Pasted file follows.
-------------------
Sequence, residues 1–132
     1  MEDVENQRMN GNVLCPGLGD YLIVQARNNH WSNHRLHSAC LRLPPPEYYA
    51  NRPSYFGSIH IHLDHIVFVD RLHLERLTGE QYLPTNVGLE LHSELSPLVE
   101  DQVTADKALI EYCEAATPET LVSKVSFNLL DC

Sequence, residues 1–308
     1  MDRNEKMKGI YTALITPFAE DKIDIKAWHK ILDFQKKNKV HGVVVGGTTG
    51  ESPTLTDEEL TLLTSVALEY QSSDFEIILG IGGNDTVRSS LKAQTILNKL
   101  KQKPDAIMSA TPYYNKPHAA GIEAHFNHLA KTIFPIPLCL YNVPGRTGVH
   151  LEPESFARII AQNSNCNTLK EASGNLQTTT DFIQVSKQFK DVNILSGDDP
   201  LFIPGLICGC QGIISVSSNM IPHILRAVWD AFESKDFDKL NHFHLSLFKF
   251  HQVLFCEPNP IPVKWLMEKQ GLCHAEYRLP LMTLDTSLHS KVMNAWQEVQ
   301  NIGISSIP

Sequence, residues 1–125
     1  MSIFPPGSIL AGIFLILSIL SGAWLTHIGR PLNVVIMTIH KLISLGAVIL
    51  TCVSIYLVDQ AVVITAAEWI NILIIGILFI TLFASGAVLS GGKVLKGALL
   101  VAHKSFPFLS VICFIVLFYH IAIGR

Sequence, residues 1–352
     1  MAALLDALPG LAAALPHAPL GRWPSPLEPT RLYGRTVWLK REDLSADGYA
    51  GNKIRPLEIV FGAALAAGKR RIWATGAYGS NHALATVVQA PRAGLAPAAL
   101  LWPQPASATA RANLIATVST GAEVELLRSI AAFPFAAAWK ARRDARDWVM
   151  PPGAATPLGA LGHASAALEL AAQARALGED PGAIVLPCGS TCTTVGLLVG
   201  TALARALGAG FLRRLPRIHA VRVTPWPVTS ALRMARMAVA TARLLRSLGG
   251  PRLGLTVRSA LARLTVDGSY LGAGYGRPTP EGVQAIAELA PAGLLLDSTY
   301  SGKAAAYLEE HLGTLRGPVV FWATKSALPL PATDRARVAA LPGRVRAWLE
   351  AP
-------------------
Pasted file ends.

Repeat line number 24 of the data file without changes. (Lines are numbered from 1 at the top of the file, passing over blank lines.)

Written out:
   301  SGKAAAYLEE HLGTLRGPVV FWATKSALPL PATDRARVAA LPGRVRAWLE